From: Irene Sankoff and David Hein
Date: 12 September, 2001 5:30 AM
Subject: The Outside World
Where we are it’s been pretty quiet. Blue sky, the thunder showers were terrible yesterday. I sort of dread going out into the real world again, as I’m not sure what that will be like now. I’m sort of alternating between horror and disbelief. We are very lucky to live where we do, and be in contact with so many people. I still can’t believe it’s real…
Two decades later, I only remember the clear blue sky. Not the rain. This is from an email David and I wrote to our family and friends back in Canada two decades ago, found buried deep in my Yahoo folder like a time capsule — something I haven’t looked at in a long time. Back before Facebook or Twitter status updates, back before most people had cell phones, it was written on a desktop computer far less powerful than the laptop we’re writing this article on — the same one we wrote Come From Away with, our Broadway musical about Newfoundland in the days after 9/11.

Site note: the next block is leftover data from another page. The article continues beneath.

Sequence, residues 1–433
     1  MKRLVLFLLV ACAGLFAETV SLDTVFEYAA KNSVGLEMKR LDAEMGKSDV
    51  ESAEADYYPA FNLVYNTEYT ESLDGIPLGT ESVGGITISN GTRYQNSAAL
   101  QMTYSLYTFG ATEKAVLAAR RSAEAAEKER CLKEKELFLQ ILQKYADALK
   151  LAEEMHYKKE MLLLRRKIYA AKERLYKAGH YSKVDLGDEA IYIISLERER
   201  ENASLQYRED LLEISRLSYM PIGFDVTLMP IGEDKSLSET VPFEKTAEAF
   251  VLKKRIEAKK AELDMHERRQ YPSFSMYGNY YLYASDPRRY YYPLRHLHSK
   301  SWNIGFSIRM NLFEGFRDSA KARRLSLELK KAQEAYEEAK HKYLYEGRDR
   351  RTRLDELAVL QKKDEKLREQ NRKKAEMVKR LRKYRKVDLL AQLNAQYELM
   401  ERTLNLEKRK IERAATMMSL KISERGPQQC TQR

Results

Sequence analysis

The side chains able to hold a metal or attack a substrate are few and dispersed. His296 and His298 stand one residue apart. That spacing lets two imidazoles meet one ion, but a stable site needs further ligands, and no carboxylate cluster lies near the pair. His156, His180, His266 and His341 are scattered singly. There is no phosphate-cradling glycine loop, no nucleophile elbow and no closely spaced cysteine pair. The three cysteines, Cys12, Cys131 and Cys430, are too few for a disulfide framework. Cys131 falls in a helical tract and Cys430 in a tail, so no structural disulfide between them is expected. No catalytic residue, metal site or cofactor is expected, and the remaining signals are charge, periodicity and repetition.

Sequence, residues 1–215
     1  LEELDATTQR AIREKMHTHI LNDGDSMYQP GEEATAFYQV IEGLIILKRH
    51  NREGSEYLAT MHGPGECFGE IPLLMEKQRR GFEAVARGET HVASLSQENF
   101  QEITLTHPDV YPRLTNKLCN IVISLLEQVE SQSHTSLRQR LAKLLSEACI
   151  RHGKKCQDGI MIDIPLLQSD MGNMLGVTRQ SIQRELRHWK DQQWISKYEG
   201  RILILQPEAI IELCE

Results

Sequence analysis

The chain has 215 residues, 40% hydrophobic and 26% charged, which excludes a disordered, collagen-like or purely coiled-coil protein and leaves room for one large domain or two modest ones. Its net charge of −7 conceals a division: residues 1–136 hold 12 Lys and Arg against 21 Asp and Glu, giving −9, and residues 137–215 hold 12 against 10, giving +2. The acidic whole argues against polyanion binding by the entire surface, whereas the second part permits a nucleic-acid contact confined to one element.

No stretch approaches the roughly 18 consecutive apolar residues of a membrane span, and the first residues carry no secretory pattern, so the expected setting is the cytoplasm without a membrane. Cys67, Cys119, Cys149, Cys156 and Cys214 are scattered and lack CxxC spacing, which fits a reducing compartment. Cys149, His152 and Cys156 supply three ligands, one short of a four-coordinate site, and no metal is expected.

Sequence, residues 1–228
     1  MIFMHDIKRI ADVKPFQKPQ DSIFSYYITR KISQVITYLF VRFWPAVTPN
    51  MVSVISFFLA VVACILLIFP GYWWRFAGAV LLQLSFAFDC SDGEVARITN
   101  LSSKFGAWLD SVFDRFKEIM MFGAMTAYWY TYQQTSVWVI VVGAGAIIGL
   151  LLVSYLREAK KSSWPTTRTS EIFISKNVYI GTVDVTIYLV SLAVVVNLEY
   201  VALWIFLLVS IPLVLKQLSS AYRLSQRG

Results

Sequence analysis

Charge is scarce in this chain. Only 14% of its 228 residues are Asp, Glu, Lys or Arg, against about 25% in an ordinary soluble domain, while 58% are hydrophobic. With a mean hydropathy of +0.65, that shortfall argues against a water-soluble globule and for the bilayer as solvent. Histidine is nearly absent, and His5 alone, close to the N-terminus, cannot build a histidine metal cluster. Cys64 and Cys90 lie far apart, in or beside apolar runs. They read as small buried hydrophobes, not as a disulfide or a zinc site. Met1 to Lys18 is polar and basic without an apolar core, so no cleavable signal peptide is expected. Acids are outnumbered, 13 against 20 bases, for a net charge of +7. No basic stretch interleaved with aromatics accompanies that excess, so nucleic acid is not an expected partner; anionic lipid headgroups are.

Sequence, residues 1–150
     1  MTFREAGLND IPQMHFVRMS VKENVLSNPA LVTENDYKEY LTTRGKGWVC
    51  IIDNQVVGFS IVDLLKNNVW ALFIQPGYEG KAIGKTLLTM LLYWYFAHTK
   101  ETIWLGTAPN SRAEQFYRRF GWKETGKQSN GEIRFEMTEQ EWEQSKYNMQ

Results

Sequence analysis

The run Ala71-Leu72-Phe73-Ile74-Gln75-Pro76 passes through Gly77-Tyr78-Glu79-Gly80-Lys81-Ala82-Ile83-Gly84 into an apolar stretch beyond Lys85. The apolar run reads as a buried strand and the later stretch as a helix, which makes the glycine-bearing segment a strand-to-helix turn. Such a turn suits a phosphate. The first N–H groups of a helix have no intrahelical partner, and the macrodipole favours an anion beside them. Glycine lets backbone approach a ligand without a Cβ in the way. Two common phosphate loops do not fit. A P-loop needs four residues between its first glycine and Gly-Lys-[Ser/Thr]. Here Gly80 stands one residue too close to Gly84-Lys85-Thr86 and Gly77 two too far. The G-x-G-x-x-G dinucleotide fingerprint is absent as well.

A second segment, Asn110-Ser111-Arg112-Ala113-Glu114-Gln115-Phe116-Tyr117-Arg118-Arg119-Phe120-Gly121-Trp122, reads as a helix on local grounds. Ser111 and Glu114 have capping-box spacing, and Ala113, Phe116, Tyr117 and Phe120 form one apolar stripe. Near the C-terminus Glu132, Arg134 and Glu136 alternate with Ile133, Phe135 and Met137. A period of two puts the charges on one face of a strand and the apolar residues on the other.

Two decades later, we are, like many, thinking about where we were on that day — but also about the days following: how we responded to what happened. We’ve told our story in sound bites for several years now, but looking through these emails there are many details that we’ve forgotten.
From: Irene Sankoff and David Hein
Date: 14 September, 2001 2:38 AM
It’s still a little too quiet up here. The wait staff in both restaurants we went to in the last two days were beyond distracted. It’s strange being in a city full of people with post-traumatic stress syndrome.
The biggest crowds on the streets are around postcard stands. We bought plenty of pictures of the twin towers and the area around it. It’s hard to believe it’s all destroyed.